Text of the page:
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Covid-19 and the Goldilocks Effect

As New Zealand settles back into Level One, and Auckland into Level Two, we're discovering subsequent lockdowns appear to have less of an effect on new listings and consumer confidence.

Property listings across New Zealand experienced an immediate rebound from Level 4 between April and May, quickly climbing beyond 2019 levels, only dropping back when Level 3 and 2 were reintroduced on August 12.

Mike Graph 1.png

This data echoes what we see around the world, or what I like to call the Goldilocks Effect: the US, NZ and Sweden all had different approaches to Lockdown.

The US had the most severe, and their market is still recovering. NZ had a more moderate approach, and our property market is responding better than expected. In Sweden – where they didn't implement any lockdown – there's been very little change.

What's happening around NZ?

During Level 3 (between July and August) Auckland saw around 240 fewer property listings. Central North Island, West Coast, Marlborough, and Bay of Plenty also saw a decline in listings during Level Two.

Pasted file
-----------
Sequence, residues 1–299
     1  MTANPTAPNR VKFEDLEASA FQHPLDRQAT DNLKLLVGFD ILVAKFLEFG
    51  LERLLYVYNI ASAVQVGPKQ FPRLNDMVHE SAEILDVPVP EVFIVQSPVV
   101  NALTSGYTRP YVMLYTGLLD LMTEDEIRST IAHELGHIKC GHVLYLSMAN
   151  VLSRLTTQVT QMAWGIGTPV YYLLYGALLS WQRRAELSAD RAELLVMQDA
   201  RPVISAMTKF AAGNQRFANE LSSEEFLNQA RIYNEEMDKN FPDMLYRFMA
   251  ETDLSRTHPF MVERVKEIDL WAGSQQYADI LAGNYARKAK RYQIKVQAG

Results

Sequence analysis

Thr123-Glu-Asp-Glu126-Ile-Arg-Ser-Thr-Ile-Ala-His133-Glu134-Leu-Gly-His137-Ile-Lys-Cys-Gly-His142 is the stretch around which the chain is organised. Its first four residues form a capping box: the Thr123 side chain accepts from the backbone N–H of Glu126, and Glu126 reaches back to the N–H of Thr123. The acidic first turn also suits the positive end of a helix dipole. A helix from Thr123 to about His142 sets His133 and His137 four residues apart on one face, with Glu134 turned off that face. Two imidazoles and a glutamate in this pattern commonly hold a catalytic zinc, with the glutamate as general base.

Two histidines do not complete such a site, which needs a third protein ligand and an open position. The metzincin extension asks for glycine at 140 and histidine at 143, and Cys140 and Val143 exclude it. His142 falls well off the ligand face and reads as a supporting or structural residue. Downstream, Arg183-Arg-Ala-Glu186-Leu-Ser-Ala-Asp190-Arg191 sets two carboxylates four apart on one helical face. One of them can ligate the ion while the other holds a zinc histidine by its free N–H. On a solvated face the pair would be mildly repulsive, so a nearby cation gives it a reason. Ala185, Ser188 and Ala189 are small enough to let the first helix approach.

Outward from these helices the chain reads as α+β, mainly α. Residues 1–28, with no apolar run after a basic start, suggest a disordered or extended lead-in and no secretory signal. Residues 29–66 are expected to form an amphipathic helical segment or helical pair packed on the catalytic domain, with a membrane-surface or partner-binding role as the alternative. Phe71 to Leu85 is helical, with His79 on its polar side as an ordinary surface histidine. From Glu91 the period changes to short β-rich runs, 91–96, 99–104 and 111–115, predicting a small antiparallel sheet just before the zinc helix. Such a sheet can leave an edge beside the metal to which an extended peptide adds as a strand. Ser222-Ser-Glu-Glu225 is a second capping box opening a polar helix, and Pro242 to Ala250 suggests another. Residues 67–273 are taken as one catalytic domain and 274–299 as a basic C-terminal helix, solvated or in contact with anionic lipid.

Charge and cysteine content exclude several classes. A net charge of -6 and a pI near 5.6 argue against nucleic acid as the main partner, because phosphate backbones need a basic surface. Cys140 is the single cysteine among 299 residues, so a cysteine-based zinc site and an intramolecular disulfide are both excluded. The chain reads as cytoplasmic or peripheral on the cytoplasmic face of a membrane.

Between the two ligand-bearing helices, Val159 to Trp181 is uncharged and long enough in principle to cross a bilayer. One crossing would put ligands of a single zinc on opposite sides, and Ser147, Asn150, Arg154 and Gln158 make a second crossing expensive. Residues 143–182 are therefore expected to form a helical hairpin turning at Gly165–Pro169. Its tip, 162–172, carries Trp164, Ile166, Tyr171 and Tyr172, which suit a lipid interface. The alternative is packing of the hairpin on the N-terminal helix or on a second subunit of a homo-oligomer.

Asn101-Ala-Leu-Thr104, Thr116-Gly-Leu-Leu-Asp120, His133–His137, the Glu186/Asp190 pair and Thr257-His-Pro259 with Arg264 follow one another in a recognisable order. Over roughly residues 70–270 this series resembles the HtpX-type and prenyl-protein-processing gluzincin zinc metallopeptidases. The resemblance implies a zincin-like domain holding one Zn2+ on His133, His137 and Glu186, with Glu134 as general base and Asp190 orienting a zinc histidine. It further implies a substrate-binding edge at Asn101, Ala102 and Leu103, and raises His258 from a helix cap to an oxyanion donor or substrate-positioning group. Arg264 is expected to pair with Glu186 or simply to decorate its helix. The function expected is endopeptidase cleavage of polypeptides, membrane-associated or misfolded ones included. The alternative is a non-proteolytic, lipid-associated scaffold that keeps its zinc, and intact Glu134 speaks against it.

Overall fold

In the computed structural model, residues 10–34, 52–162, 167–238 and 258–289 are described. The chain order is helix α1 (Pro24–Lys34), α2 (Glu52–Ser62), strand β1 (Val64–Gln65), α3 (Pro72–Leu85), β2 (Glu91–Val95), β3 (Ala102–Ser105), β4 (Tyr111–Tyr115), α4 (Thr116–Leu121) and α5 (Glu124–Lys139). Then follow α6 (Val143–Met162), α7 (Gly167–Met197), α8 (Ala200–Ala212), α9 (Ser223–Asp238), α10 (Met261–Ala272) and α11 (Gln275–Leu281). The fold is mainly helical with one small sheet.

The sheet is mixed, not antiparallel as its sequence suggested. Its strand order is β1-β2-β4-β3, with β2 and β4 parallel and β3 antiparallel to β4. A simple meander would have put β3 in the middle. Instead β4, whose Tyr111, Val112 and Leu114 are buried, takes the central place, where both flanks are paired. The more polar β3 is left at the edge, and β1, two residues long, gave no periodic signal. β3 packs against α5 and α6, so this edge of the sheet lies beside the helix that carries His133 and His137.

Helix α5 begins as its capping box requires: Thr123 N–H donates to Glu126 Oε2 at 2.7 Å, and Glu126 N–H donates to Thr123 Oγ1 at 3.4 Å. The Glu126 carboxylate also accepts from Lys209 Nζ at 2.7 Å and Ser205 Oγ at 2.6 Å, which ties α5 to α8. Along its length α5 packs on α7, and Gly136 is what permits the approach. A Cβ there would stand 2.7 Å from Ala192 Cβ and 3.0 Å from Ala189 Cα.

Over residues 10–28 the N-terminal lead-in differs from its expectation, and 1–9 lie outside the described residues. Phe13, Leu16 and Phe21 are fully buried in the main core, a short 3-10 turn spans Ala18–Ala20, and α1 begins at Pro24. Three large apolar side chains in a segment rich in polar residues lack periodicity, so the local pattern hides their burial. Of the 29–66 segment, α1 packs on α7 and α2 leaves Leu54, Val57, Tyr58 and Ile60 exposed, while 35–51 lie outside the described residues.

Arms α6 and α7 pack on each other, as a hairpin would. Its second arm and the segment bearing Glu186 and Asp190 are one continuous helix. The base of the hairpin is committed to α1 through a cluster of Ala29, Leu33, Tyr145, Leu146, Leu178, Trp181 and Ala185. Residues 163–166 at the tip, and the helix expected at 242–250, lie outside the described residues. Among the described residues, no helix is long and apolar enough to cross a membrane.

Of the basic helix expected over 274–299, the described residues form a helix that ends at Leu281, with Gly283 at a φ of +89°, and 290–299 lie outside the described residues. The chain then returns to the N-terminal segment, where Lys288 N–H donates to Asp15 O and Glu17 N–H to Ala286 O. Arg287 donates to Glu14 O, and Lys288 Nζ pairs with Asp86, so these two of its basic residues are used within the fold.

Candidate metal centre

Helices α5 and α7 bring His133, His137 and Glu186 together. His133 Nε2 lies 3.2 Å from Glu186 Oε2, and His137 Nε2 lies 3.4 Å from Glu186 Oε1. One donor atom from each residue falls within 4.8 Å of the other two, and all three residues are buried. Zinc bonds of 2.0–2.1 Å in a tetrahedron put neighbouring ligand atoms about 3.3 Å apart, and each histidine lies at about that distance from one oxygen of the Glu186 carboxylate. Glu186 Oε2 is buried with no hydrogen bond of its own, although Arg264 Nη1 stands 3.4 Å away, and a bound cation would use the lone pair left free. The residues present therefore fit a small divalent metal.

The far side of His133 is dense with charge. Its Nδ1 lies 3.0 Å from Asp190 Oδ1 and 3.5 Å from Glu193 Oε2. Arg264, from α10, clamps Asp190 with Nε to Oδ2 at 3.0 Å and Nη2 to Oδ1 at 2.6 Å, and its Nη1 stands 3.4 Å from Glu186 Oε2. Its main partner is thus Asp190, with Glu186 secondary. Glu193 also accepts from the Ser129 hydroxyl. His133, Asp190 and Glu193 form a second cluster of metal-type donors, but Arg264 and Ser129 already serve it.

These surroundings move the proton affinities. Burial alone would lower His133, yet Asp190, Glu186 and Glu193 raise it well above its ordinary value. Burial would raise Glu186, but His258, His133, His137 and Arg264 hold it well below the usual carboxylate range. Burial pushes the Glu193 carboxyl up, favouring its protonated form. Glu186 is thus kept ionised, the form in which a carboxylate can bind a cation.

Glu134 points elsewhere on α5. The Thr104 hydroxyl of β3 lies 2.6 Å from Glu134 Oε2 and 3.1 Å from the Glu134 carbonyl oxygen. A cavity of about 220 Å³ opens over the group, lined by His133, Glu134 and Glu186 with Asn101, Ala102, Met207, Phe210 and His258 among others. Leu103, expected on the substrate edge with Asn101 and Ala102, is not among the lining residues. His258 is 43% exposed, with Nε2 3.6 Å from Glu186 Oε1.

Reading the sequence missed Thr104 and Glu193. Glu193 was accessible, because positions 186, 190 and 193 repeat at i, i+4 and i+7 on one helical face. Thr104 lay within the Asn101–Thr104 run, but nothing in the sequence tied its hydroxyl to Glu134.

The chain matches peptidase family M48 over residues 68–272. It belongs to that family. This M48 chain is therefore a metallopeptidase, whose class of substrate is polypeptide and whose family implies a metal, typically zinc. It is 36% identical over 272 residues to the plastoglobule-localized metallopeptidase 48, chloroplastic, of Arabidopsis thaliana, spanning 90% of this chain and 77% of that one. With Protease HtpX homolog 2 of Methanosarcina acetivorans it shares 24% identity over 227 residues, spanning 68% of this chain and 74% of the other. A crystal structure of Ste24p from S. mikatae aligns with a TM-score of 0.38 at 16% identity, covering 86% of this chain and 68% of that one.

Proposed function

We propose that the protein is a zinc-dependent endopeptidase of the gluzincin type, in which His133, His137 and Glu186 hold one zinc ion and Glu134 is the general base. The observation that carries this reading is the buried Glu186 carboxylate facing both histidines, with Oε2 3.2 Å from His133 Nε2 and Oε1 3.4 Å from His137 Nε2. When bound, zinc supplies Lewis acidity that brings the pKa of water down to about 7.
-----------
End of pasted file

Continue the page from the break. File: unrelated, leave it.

Inventory in these regions is certainly constrained, but it's not quite the property armageddon sometimes portrayed in the media.

The national drop in new listing volumes was driven by the country's largest market, Auckland. However, looking at only Auckland reveals a less severe impact than one might expect. The drop in new listings is noticeable but marginal, and new listings are still higher than the same time last year.

Mike Graph 2.png

Canterbury's listings climbed by around 130 with Wellington and the Wairarapa performing strongly. All other regions also reported strong growth. 

New Zealand's Covid-19 rollercoaster highlights several lessons that apply to global markets:

1.   As the pandemic continues around the world, the evidence from New Zealand suggests that the worst for the property market may be over (at least in terms of new listings and inventory).

2.   Subsequent lockdowns appear to have less of an effect, with a targeted approach yielding the best results.

3.   If authorities can implement lockdowns in a targeted, focused way, the effect on the real estate market is significantly reduced.​​​​​​